Suthep: Men in black, not troops, started shooting
August 29, 2012 00:00 By The Nation
Former deputy prime minister Suthep Thaugsuban has told the Department of Special Investigation that troops were not responsible for starting the shooting at red-shirt protesters on April 10, 2010.
Speaking to reporters late on Monday night after being questioned by DSI investigators for about ten hours, Suthep said the investigators showed him a YouTube clip which they claimed was recorded during the day on April 10. The clip showed what was purported to be troops firing at red-shirt protesters with M16 and Tavor assault rifles.
Suthep said he told the DSI investigators he had not seen the clip or learned of the particular shooting incident. The security operation on that day was being closely watched by newspapers and TV reporters.
Suthep said the troops tried to reclaim traffic space from the protesters without firing at or killing anybody. He testified to the DSI investigators that the shooting happened on the night of April 10 and was started by the so-called “men in black”. As a result, he declined to sign his name to endorse the DSI investigators’ document that troops allegedly fired at the protesters during the day.
The former Democrat secretary-general said DSI investigators spent about ten hours questioning him about what happened on April 10 and various other incidents in May 2010. He said he allowed the investigators to interrogate him non-stop although he had not had dinner.
Suthep said the investigators asked him about orders issued for the troops to carry out. He gave them copies of all the orders he had signed as director of the Centre for Resolution of the Emergency Situation (CRES). Suthep also told investigators that DSI chief Tharit Pengdit was the one who suggested the CRES announce a state of emergency.
Suthep told DSI investigators the department had complied with the UN treaty when it announced the state of emergency, and the Office of the Attorney General and senior government officials knew about every step of the CRES operations. Suthep said the emergency announcement was also influenced by the fact that protesters used weapons in the demonstrations.
“Investigators asked me if former prime minister Abhisit Vejjajiva stepped in to give orders to the CRES or not, and I replied that the former prime minister had a lot of [responsibilities] so he gave only policy-level orders. I, as the CRES director, considered which action was needed for the situation at the particular moment,” Suthep said.
“For example, for the operation to reclaim traffic space on Rajdamnoen Road, I asked Abhisit if he wanted me to clear the entire road. He replied that he wanted only to open the road for vehicles on Rama VIII Bridge – so I decided to order the operation to clear the road at the Chor Por Ror Intersection and the protesters were allowed to continue their rally on Rajdamnoen Nok and Rajdamnoen Klang roads.”
Suthep also told investigators the CRES initially did not plan to disperse protesters from Rajprasong Intersection on May 19. The troops were deployed only to clear Lumpini Park, but troops were fired at by armed fighters among the protesters.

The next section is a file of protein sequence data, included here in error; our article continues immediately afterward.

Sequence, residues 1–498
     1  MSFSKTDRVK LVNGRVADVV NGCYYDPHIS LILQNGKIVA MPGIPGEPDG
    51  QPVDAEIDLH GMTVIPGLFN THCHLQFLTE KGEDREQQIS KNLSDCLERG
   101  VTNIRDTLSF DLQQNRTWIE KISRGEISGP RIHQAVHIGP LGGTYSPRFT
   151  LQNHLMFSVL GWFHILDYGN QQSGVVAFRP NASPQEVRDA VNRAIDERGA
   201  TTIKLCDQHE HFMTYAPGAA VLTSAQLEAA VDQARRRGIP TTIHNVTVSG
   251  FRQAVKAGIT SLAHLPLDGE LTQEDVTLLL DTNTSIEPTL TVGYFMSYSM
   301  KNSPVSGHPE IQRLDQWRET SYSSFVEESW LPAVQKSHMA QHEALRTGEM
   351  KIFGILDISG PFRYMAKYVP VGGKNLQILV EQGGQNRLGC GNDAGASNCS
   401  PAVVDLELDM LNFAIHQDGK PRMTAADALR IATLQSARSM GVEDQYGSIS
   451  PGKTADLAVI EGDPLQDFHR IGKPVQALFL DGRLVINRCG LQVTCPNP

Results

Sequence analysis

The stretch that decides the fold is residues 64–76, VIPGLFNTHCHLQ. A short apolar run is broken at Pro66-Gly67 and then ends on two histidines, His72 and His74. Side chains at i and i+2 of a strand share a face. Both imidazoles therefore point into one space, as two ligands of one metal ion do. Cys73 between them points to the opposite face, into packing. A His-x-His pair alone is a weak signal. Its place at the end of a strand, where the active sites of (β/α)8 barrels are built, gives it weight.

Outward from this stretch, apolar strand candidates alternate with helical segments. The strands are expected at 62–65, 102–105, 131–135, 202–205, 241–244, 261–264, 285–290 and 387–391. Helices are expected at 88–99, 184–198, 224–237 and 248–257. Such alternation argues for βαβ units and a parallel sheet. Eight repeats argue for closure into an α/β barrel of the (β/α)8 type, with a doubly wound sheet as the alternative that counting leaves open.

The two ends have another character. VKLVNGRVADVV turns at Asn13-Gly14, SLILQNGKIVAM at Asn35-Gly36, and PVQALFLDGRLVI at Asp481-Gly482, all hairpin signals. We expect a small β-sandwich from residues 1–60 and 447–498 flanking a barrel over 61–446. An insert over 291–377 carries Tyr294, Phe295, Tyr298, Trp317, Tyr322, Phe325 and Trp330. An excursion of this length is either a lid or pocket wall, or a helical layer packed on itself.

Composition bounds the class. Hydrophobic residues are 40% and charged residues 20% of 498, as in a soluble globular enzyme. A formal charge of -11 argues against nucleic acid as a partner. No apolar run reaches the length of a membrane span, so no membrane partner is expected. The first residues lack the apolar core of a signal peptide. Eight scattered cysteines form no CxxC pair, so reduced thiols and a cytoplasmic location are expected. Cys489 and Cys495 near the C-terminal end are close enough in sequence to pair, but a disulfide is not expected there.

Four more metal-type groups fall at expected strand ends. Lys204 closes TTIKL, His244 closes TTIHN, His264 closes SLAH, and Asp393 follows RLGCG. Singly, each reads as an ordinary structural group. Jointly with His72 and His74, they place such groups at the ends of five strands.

Suthep said the investigators asked him if Abhisit took part in any operation of the CRES. He replied that the former premier was mostly briefed by officials on the situation as it developed and tried to find measures to solve the crisis. Suthep said Abhisit led a team of negotiators to talk to red-shirt leaders and briefed the public on the current situation – but the former prime minister did not get involved in the operations.
Suthep said when he played video clips of men identified as men in black to the investigators, they asked him why the authorities failed to arrest any of these men.
“I replied that ‘you asked me as if red-shirt people wrote the question for you’. I told them there were men in black [present] and the DSI had already filed charges against them in court,” Suthep said.
Suthep added that it was possible that when the men in black were killed during gunfights with troops, their peers would take away their guns before sending the bodies to hospitals.
Suthep said the DSI had charged 26 suspects in the terrorism case and former prime minister Thaksin Shinawatra and red-shirt leaders were among the suspects. He said several suspects admitted they had been trained to use weapons abroad and they belonged to a so-called Taksin warriors’ group. He said some of them fired Tavor rifles at the Dusit Thani Hotel and M79 grenades at various other places and their crimes were already described in DSI reports.
“I was not sorry because I expected that one day I would encounter this kind of situation,” Suthep said.
He said he told the DSI investigators he had pushed for new positions for the department’s investigators when he was a deputy prime minister because he hoped their agency would work for justice.
Suthep said he still had faith in Dr Kanit na Nakorn’s Truth for Reconciliation Commission of Thailand and that it would reveal the truth to the public in the future.